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Mental Health and the New Father

Becoming a parent is a huge milestone for anyone, but when a new baby joins the family, it’s common for support systems to prioritize the mother and child. Even many health professionals educate moms on what to expect during the transition to motherhood, while the transition to fatherhood is primarily addressed in the context of supporting the mother and baby – if it is at all. 

Between the lack of education about the challenges of fatherhood and societal pressures of masculinity, dads don’t always pay attention to their mental health after bringing a child into the family. While they may notice changes in their mood and behavior, they might not recognize them as symptoms of a mental health condition. Many don’t even know that men can experience pre- and postpartum depression and anxiety – around one in 10 fathers experience Paternal Postpartum Depression (PPPD) and up to 16% deal with an anxiety disorder during the weeks before and after birth. [1] 


FAST FACTS

  • Approximately 75 million men in the United Sates are fathers - that's about 60% of all men over age 15. [2]

  • There are around 2 million single fathers in the U.S. - about 40% are divorced, 38% never married, 15% separated, and 6% widowed. [3]

  • The average age at which men become fathers has increased over time - from 27.4 years old in 1972, to 30.9 years old in 2015. [4]

COMMON STRESSORS

Drastic Life Changes

Often the feelings of love and joy that a new baby brings are mixed with feelings of frustration and regret over losing your old life. There’s an adjustment period for everyone when a new member joins the family. Overnight, you become much less in control of how you spend your time than you were before. This lifestyle change can be especially jarring if you’re a first-time parent. Most fathers find their expectations of parenthood to be very different than reality. 

Talk to other dads or new parents – they are likely navigating similar changes and stresses. If you don’t personally know any other new fathers or fathers of young children:

  • Search for support groups. There may be local groups that meet in person, or you can look online. Facebook is a good place to start.
  • Introduce yourself to other dads. Try striking up a conversation while picking your child up from daycare or at child-centered community events. If your child’s mother has mommy friends, see if she can introduce you to their partners.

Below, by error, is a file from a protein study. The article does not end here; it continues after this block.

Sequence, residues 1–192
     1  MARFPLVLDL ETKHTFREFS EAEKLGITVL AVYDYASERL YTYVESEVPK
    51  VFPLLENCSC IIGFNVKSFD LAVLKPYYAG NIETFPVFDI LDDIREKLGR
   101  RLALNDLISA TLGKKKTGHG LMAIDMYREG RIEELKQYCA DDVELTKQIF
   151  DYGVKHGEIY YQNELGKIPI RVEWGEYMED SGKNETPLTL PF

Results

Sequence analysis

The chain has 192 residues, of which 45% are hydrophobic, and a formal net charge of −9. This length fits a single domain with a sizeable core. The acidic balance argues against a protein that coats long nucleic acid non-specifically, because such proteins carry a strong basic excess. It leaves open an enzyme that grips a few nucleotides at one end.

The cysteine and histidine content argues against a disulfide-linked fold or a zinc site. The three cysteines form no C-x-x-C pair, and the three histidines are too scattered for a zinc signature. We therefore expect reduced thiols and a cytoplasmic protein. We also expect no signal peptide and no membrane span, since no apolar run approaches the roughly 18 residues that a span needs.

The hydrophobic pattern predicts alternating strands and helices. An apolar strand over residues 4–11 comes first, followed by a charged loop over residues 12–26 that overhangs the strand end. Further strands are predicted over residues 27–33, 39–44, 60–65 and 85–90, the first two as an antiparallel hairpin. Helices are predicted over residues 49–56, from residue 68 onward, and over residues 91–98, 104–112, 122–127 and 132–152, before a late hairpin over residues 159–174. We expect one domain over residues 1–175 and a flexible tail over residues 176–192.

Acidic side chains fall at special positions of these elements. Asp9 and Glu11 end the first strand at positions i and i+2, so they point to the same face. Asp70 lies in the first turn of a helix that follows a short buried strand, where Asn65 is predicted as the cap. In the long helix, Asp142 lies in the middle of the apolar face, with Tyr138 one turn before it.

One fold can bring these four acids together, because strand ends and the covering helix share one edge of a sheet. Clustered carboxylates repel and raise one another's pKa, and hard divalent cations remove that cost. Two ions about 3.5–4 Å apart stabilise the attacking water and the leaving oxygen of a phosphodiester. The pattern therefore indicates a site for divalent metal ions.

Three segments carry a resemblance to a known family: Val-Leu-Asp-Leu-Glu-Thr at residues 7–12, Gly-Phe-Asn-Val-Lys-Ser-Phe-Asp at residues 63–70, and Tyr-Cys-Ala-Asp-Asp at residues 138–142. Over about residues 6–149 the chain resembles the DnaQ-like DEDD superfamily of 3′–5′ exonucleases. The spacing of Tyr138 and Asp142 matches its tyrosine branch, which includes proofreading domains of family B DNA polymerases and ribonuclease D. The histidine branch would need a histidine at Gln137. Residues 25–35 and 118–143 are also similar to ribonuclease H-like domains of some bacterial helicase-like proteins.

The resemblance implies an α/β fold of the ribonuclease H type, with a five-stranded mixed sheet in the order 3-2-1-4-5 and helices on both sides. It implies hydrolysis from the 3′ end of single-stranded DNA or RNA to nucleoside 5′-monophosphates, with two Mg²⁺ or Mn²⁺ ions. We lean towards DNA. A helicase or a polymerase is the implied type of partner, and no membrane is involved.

Guilt About Bonding

Bonding with a newborn is often more difficult for fathers than mothers, especially if the mother carried the child – men miss out on a lot of direct connection with the baby during pregnancy and soon after birth, from carrying and birthing the baby to breastfeeding. It’s also uncommon for men to take significant time off work after the birth of their child. Paid paternity leave is not standard for most companies, and while 90% of new fathers take some time off, 70% take ten days or less5, which is fewer than the weeks of maternity leave a woman typically takes. If you are having a hard time feeling close to your baby and feelings of guilt arise, it may be tempting to withdraw even further. Try not to be too hard on yourself if you don’t feel a quick connection with your baby. While men generally spend more time with their young children now than in past generations, it’s entirely normal for it to take weeks or months to develop an intimate emotional bond with your baby.  

Mothers have a head start when bonding with a baby, but there are plenty of ways to grow a strong father-child connection. 

  • Skin-to-skin contact is important for babies and a great way to initiate a bond – let the baby snuggle against your bare chest and feel your heartbeat. 
  • If you spoke to the baby in the womb, they will likely already recognize your voice; continuing to talk to them (or read, or sing) helps that bond grow. 
  • Make alone time for you and the baby (it will give your partner a break, too!) – be in charge of bath time, take over some of the feeds if mom isn’t exclusively breastfeeding, or wear the baby in a carrier while doing light tasks around the house. 

Relationship Changes

There are non-stop household chores and baby duties to take care of with a new baby and sleep deprivation on top of everything else. You’re probably bickering more than before, and what used to be couple time is now family time. You and your partner likely both feel like you’re doing your best to take care of the many things that need to get done. Still, sometimes it can feel like your partner isn’t doing enough, which can quickly lead to resentment – especially when you aren’t getting the quality time that relationships need. 

Make an effort to talk with your partner about things other than the baby and parenthood, even if it’s just a few minutes each day. It doesn’t have to be a whole date night (but if you have a sitter, go for it!) – you can chat while pushing the baby around the block in the stroller or spend a few minutes before you go to bed each night catching up. Planning regular “meetings” to bring up household- and baby-related issues can help you and your partner keep parent-talk to a minimum during your quality time.